Great Scott! Finally, we have a movie that fits director Tony Scott’s frenetic directing style. His camera is always moving this way that way, zooming in zooming out. And since “Unstoppable” is about a train that wont stop, his herky jerky camera perfectly fits the story of a runaway train and the inevitable disaster that awaits if it wasn’t stopped. His camera constantly has momentum and that’s exactly what we’re given here in a movie that doesn’t stop to take a breath (and neither will you). “Unstoppable” is a great action movie because it gets everything right. It gives us characters to root for, it gives us suspense, cool action scenes filled with plenty of crashes and a great sense of timing and pace. It’s really just one long awesome chase scene. In fact, this could have been and should have been “Speed 2.”
Something I have to say upfront and I know it may sound ridiculous is that one of my favorite aspects of this movie is the way Tony Scott gives the train personality. This train as seen right at the start during the opening titles just sort of looks – evil. The train is given a level of malevolency I’ve never really witnessed in an inanimate object. Not since Spielberg’s tractor-trailer truck in “Duel” has a vehicle been so menacing and ominous. The way it’s shot and lit and the moody music that blares on the soundtrack, just gives us a feeling of doom. You know something scary is going to go down. After being introduced to train number 777, we introduced to some human characters which includes Will (Chris Pine) who’s a young and recently trained railroad conductor. He’s set to work with train engineer Frank (Denzel Washington) by doing some industrial freight train stuff. Meanwhile a sort of clumsy railway worker accidently lets his train get away from him where it slowly begins picking up speed, enough so that the poor goof can’t climb back on board. Freight train 777 (which is a half mile long and pulling loads of hazardous chemicals behind it) is on an unmanned course of destruction through southern Pennsylvania ready to destroy anything or anyone who gets in its path.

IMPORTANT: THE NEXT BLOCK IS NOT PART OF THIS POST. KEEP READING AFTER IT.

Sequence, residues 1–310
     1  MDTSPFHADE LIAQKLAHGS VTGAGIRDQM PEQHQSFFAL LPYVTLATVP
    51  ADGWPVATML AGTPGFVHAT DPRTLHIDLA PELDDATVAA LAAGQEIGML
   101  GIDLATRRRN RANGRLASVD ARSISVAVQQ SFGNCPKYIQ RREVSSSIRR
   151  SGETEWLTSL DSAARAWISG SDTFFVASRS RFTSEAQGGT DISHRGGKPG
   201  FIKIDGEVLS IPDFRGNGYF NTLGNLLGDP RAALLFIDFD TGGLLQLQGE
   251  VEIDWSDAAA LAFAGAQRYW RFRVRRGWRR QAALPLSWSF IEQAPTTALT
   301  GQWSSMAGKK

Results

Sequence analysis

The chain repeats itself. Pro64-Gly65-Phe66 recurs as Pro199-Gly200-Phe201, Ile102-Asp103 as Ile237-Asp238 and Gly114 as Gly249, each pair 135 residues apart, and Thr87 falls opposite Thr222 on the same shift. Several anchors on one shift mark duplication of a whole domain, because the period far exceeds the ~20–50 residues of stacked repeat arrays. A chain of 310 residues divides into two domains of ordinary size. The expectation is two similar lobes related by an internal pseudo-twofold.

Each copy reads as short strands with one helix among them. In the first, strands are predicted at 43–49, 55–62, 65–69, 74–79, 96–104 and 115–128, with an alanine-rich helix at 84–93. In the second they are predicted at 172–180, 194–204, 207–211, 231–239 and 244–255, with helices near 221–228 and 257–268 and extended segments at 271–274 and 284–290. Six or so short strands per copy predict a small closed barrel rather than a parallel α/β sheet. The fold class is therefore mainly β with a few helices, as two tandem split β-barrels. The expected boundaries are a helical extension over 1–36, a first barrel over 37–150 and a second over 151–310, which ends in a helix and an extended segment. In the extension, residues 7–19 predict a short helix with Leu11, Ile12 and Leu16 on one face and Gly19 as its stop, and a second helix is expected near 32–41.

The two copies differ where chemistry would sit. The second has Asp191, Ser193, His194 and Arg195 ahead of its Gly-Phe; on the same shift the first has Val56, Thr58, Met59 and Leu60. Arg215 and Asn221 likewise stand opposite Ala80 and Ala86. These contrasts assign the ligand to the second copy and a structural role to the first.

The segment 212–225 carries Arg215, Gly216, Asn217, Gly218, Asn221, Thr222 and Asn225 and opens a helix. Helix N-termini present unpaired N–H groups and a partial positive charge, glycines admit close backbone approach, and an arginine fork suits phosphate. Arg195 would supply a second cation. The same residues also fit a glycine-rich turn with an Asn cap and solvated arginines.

It’s really amazing how simply this whole story is and how well it actually works. You can’t help but think along the lines of, “how does this happen.” Well it did, because this is based on a true story. Of course many liberties were taken with the actually events, because let’s face is this is just a fun popcorn movie, not a biopic about the guy who freed India from British rule. Scott places all sorts of things in the train way including a train of school kids on a field trip and our hapless heroes Will and Frank. We do get a little backstory as the film progresses. Enough to make us care but not too much where we’re constantly wanted to see what train 777 is up to. Frank is being forced to retire while the corporation who owns the 777 train is intend on replacing older works with fresh blood like Will. Train dispatcher Connie (Rosario Dawson) is the one who makes the most rational decisions she can make as she watches the train barrel mile and mile through populated towns. The news media have a field day capturing the runaway train on their skycopters ready to capture anything that gets in the train’s way. It looks like Frank and Will might be Connie’s only hope to stop the train and it’s simply a fascinating experience to see how they’re going to do it.
“Unstoppable” is simply a wonderfully suspenseful action thriller. However it’s not just mindless. Am I the only one who thinks there’s more here than meets the eye? Could the unmanned train perhaps represent our current economy chugging out of control with the once seemingly secure American way of life headed for utter disaster? Maybe I’m looking too deeply here because let’s face it this is still just a well-executed action thriller. It's about ordinary people caught in an extraordinary situation. I’m still not quite sure how Scott was able to get some of the shots he did get, but one thing I’m certain of is that this is a movie worth catching up to. GRADE: A-